Not surprisingly, a few players from these teams earned a living in the NBA. Marcus Fizer was selected 4th overall in the 2000 draft by the Chicago Bulls and went on to have a not-so-productive six-year NBA career. Jamaal Tinsley was traded twice on the same day he was the 27th pick in the 2001 draft and then went on to play eleven seasons in the NBA (where he was more productive than Fizer).

And then there was Paul Shirley. Yes, Shirley was part of two of the best teams in Cyclone history. Like Fizer and Tinsley, Shirley also went on to a career in the NBA.  Of course again, according to the aforementioned video Shirley was supposedly the worst player in NBA history and only an “average” college player.

An analysis of the data, though, isn’t quite that harsh. Yes, Shirley only played 121 minutes in his NBA career. He also finished his NBA career with only -0.4 Wins Produced and his career Wins Produced per 48 minutes of -0.183 was not exactly great. But Shirley was not the least productive player in NBA history. Maurice Ager played five NBA seasons and finished with a career Wins Produced per 48 minutes of -0.248.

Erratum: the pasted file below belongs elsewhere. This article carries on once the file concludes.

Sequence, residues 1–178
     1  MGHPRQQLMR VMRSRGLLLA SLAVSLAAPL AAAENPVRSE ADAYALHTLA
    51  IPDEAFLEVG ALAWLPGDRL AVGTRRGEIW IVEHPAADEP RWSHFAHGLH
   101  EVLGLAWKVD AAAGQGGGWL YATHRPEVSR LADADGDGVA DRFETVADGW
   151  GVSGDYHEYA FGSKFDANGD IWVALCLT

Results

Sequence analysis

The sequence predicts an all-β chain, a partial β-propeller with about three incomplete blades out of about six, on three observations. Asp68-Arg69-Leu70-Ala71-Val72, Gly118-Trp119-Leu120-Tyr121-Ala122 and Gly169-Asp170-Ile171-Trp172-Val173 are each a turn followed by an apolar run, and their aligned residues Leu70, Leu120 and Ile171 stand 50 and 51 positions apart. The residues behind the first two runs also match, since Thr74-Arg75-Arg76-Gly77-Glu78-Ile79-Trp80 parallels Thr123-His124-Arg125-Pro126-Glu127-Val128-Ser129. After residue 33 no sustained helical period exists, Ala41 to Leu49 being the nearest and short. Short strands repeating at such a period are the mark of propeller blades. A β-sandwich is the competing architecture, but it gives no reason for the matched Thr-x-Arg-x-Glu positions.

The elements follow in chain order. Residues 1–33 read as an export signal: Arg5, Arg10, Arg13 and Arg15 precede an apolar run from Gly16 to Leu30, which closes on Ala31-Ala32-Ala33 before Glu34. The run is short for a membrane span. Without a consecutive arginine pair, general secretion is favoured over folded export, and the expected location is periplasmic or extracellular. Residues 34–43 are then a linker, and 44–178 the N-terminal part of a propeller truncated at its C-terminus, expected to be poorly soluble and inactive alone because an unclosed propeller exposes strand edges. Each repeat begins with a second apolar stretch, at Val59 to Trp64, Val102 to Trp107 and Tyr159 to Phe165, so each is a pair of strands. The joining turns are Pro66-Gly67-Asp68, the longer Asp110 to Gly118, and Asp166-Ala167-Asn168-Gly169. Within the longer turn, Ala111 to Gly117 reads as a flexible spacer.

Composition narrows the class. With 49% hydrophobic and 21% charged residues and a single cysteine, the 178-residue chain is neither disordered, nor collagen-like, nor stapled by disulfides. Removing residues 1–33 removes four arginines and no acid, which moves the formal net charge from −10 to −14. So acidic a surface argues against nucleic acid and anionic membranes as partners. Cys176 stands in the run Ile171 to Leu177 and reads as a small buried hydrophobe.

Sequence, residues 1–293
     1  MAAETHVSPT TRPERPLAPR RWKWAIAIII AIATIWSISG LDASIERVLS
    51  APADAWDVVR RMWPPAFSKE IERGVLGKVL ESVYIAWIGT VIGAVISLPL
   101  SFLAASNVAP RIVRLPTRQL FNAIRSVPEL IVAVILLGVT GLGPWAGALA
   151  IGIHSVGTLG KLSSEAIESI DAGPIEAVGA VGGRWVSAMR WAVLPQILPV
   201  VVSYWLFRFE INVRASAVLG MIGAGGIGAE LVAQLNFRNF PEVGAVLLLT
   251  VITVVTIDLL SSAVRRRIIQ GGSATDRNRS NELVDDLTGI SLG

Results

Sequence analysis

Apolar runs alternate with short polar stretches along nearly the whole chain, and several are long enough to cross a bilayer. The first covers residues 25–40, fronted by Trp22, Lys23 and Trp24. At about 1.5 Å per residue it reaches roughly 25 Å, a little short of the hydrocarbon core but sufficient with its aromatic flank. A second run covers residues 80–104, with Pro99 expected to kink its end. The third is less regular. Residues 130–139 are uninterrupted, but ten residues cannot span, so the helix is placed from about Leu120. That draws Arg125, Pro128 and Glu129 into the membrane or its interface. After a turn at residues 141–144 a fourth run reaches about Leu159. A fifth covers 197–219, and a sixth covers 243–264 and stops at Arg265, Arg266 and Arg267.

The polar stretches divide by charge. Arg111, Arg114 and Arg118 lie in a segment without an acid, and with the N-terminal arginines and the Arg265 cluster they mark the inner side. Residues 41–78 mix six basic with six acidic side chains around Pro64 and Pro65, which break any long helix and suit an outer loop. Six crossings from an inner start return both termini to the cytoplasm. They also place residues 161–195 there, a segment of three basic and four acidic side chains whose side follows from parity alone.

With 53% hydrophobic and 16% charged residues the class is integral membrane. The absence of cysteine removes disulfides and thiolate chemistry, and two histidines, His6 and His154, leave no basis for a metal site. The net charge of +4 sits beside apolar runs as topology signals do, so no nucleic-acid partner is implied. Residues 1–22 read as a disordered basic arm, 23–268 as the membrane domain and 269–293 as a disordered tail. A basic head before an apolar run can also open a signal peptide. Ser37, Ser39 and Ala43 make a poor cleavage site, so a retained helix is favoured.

Sure, it took me quite some time to find a player that was less productive than Shirley. But I think one can argue Shirley was not the worst player to ever play in the NBA. And if you are a fan of Ager you could probably argue he wasn’t the worst either. At least, if you tried hard enough!

What about Shirley as a college player?

Shirley played four seasons at Iowa State. Sports-reference, though, only reports Shirley’s minutes played for his last two seasons. Those two seasons, though, may have been the most successful in Cyclone history. How much of that success was about Shirley?

As is done with NBA data, box score data from college basketball can be translated into how many wins each player produced. When we do this for Shirley we see that in 1999-00 he produced 2.7 wins mostly coming off the bench for the Cyclones. Since Shirley logged 512 minutes, he produced 0.214 wins per 40 minutes played.

An average team would produce 0.500 wins per 40 minutes played. So, an average player would produce 0.100 wins per 40 minutes. Therefore, we can see that Shirley was not average in 1999-00. In fact, the numbers suggest he was more than twice as productive as an average player.  Yes, Shirley was “good” at basketball!

This was also true the next season. In 2000-01 Shirley started for the Cyclones and played 838 minutes. His stats indicate he produced 4.0 wins in that time; so, he produced 0.190 wins per 40 minutes. Again, Shirley was close to twice as good as average.